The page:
This is the second installment of the author’s “Indochina in the Anthropocene” series, which narrates the environmental crisis in Southeast Asia. Check out the other stories in this series:
- Where the Wild Things Were: Vietnam
- Cambodia: Last Hope for Indochina, or on its Last Breath?
- Thailand: Southeast Asia’s Last Hope for Wildlife?
For Laos, the sparsely-populated land-locked Southeast Asian nation hemmed in by China, Vietnam, Cambodia, and Thailand, “becoming Asia’s Battery” means damming all its rivers, in most cases multiple times, and exporting the electricity to its stronger, wealthier neighbors, come what may to the natural ecology and to the people who depend on those rivers for transportation and food.
The Mekong River Commission has in the past tried with virtually no success to get Laos to slow its dam-building spree and to reconsider some of the projects, particularly the Xayabury Dam, the first on the lower Mekong and which is believed to eventually be the most environmentally destructive of all Lao dams. Yet more dams are under construction on Laos’ stretch of the Mekong, with cement blockades going up at Pakbeng and at Don Sahong near the Si Phan Don waterfalls practically right on the Cambodian border.
Less attention has been given to the Mekong tributary dams, which are going up on the Nam Ou River (a cascade of seven dams that now have ended river cruises in a stunning canyonin the north), the Sekong River and Xe Pian dams in the south, the Nam Theun in central Laos—and on tributaries of those rivers as well. This is an abbreviated list.
The comeuppance has come perhaps sooner than expected. On July 23rd the Xe Pian Dam collapsed down south in Attapeu province. A tidal wave of brown silted water wiped out entire villages, killing dozens (if not hundreds) and creating a crisis for the Lao government. And while no one who I spoke with saw this disaster coming, it is possible that Laos’ natural environment has reached a tipping point.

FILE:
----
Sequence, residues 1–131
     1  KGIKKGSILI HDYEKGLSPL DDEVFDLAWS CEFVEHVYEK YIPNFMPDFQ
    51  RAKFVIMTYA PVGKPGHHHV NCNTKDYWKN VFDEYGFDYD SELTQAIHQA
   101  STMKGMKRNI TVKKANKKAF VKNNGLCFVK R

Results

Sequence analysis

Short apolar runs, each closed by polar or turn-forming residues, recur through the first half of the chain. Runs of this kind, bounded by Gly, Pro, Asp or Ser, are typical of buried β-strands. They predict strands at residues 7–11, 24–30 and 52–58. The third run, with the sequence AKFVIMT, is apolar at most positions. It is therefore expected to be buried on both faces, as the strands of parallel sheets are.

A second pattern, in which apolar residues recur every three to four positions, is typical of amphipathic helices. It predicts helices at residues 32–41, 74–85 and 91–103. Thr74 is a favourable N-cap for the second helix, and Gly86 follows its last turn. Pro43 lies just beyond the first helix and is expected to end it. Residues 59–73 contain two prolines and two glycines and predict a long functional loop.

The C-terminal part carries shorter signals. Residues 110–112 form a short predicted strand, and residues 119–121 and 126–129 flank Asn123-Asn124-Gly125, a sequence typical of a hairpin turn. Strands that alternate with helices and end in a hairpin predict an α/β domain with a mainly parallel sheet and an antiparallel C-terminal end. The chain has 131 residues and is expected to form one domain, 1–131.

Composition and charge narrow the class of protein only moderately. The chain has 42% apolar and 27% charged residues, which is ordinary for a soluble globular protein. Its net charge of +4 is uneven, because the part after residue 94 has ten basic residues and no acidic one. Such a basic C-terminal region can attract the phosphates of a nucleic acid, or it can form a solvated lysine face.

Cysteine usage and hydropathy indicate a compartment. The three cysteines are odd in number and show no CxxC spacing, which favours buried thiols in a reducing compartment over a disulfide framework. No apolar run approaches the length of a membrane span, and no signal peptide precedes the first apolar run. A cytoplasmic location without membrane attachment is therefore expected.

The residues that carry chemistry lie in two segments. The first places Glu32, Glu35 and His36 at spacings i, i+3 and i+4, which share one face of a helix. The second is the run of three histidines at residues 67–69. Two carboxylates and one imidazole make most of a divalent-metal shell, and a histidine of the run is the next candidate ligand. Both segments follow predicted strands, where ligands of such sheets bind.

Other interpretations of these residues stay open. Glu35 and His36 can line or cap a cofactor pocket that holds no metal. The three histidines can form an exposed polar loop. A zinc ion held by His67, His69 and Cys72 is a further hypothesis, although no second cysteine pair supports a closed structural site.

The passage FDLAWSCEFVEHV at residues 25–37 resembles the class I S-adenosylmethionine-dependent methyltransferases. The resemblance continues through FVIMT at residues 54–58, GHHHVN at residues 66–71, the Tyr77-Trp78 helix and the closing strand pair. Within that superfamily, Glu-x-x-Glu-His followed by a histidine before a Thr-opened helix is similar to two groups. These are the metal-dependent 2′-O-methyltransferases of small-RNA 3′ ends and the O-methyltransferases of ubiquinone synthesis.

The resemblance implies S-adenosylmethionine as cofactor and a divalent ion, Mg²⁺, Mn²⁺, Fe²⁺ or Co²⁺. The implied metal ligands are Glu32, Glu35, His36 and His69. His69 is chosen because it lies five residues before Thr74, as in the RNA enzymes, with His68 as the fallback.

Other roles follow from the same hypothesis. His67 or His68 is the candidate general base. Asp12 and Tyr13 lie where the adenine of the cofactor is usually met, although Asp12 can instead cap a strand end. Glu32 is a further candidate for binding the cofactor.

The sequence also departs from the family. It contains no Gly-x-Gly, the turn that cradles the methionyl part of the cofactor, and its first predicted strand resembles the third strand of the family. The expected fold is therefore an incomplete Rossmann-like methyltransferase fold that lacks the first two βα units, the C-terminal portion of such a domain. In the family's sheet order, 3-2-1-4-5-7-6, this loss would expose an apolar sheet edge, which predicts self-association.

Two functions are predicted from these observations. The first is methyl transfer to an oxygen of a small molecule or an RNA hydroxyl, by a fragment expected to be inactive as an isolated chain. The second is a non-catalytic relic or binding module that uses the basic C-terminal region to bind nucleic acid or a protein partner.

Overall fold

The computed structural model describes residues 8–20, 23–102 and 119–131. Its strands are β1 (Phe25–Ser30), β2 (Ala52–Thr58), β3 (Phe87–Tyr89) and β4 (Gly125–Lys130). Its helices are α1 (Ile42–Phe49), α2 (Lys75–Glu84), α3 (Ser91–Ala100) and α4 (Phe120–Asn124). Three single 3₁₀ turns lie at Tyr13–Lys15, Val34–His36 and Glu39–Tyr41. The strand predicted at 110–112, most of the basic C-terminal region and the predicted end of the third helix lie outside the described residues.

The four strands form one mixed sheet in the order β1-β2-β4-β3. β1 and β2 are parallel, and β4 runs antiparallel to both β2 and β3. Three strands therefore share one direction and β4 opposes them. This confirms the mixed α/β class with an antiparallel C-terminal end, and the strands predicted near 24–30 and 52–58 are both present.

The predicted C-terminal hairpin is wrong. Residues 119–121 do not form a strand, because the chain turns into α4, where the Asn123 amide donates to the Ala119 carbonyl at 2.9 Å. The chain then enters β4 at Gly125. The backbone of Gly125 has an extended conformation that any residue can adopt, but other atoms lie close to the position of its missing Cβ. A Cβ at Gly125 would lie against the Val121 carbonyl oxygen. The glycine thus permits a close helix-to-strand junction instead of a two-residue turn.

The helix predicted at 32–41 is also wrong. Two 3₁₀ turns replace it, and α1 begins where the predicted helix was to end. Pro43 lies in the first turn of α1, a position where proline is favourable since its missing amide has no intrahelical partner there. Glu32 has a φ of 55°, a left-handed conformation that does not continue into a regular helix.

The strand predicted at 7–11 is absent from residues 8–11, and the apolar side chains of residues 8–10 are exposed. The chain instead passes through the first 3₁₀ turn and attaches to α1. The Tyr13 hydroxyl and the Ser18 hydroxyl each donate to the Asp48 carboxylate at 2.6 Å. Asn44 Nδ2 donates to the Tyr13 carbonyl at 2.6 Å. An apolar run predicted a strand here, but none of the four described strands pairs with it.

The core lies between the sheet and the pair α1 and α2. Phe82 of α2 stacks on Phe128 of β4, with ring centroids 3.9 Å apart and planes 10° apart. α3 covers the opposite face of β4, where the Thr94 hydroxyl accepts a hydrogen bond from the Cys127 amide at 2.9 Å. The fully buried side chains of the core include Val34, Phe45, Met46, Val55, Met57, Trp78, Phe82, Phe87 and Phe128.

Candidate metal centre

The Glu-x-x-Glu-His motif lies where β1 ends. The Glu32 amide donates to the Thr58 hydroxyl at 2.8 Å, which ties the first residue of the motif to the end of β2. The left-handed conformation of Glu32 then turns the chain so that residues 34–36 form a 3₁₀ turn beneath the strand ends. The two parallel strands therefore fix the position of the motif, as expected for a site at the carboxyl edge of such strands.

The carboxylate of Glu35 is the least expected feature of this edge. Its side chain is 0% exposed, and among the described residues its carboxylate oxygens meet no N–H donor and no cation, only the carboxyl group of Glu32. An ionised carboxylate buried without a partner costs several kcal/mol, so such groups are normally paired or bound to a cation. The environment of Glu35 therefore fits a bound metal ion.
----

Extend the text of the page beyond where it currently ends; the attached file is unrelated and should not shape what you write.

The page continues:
Plugging up virtually all of the nation’s rivers with high cement walls is going to change things: fish migrations are disrupted or ended altogether, siltation levels dramatically increase, multiple villages need to be relocated in order to accommodate the new reservoirs which in itself sets off a new round of deforestation and land-clearing in new resettlement areas, large amounts of greenhouse gases are emitted with any tropical dam, virtual gold rushes of deforestation and clear-cutting take place in the catchment area before flooding so as not to let any of the timber go to waste.
Once-high and inaccessible valleys then become easy to reach on boats once the reservoirs have formed, enabling poachers to hunt in places they could never before reach, rare species such as the Irrawaddy river dolphin and the giant freshwater stingray start to disappear, even smaller species become rare, long-distance boat travel becomes impossible. The list goes on.